Why I can't be an Accompanist

Today I had spent my first day working as an accompanist. It was the first time I had worked as one, so I really didn’t know exactly what to expect. I had talked on the phone with the voice coach who hired me to get a vague idea of what he needed me to do.

I had asked him if I should pick up the pieces he was going to teach his students, so that I could get some practice on them before we started on Sunday. He assured me that I wouldn’t need to, that things were going to be pretty simple, etc.

Well, today I came to the jarring realization that he expected me to just play all these arias, without any prior preparation or practice :eek: I was mortified…I mean, when he asked me over the phone, “Can you read sheet music?” I truthfully told him “yes” because I can read the music, but if you give me something I’ve never seen, let alone heard before it will take me a few days of practice to get it down at the very least. So for much of the lessons I kept screwing up both because I was nervous as hell and because I had never seen the material before.

The best way I can describe it is having one of those nightmares where you are in school, and have to take an exam you haven’t studied for. Only this was in real life. After the lessons were over and he paid me, he warned me that ‘sight reading’ (reading a piece of music the musician has never seen/heard before) is crucial to being an accompanist- he’d let me come back next week to see if I can improve but if not, he would have to look for someone else. I’m a little frustrated as to why he just can’t give me a bunch of arias and have me work on them on my own time; sure I can’t play it out of the blue but give me a week and I can get 8 arias down if my livelihood is depending on it. However I’m sure from his prespective, he probably wants someone that can meet his demands. Ultimately the only real reason he went along with it today (and agreed to have me come back next week) is that I was the only person he could find on such short notice. :frowning:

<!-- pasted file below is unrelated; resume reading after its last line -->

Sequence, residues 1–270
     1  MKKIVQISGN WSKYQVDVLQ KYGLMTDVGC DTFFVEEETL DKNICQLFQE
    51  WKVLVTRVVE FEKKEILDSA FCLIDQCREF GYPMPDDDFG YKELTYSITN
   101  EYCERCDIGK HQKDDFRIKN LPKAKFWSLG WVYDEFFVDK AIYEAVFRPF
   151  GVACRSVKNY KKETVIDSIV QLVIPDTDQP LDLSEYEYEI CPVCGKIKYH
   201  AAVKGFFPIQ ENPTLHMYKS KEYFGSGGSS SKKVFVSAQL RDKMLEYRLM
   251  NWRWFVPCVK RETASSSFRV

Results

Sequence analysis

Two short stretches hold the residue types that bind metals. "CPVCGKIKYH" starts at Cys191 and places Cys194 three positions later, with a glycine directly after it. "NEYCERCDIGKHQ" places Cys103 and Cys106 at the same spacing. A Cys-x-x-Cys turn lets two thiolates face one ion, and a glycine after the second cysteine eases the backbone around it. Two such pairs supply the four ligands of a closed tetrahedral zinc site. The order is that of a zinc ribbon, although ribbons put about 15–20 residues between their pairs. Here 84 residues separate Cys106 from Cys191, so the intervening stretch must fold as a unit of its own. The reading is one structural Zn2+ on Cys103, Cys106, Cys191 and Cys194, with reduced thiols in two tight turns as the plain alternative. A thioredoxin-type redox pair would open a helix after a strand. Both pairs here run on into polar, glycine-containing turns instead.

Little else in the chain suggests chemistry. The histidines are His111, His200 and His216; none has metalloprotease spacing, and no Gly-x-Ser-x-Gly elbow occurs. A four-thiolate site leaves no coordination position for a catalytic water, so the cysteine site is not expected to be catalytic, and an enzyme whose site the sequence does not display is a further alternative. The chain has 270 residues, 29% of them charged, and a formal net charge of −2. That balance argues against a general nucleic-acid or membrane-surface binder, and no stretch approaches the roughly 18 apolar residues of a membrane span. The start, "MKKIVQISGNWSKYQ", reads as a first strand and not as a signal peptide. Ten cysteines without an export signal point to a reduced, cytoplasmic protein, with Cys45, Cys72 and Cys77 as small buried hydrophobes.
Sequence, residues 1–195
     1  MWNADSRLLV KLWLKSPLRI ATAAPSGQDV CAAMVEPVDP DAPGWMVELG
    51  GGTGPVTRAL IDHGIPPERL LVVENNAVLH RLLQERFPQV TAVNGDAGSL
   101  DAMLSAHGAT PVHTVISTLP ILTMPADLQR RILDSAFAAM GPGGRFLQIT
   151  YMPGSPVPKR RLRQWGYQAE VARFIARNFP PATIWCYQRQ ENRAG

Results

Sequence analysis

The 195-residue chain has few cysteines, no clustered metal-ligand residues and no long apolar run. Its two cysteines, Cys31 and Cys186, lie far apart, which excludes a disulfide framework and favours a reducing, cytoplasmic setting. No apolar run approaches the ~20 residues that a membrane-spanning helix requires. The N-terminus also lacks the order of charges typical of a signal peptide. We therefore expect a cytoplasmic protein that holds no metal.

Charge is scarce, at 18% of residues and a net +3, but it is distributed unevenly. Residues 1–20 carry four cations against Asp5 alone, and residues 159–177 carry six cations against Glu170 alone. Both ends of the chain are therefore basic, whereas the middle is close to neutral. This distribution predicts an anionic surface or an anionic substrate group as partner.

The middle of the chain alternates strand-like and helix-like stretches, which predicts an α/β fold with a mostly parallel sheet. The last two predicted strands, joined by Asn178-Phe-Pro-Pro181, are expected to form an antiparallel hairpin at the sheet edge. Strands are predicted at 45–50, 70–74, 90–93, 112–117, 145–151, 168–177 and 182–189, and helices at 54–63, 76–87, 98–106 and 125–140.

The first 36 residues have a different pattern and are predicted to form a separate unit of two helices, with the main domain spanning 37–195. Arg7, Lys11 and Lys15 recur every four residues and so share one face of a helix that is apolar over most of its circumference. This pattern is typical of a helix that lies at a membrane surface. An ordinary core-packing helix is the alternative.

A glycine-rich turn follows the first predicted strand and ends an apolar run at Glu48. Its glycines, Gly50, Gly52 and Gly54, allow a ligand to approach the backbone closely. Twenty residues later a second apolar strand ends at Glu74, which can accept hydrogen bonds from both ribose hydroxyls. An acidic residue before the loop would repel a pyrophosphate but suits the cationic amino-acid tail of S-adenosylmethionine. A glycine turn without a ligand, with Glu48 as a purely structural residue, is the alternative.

That’s disappointing. From your earlier posts, it sounded like you were looking forward to this job. Why couldn’t the guy have made his requirements clear right out front?

I can imagine why sight reading might be essential, depending on the kind of work the teacher is doing. He probably wants the flexibility of spontaneously taking the student to a similar piece or back to an exercise to work on a point in the aria she’s having difficulty with. But not being explicit about his requirements up front is just not fair to you.

I hope next week isn’t too stressful for you. Good luck.

I read your post to Mrs Stone and she sympathizes with you but also says that Arias are (IHO - in her opinion) only of average difficulty. Try being an accompanist for a Symphony or Ballet, those pieces are much more difficult.

Mrs Stone is a classical pianist (and composer) and has done all three types of accompaning. She is currently looking for work as such at our new place and is practicing every day pulling out pieces from her library that she hasn’t played in a long time, to keep her skills up.

She reccomends that you read one new piece daily (that you have never read before) and to slowly increase the difficulty of the pieces you tackle. You will find in several months that you can handle amost anything.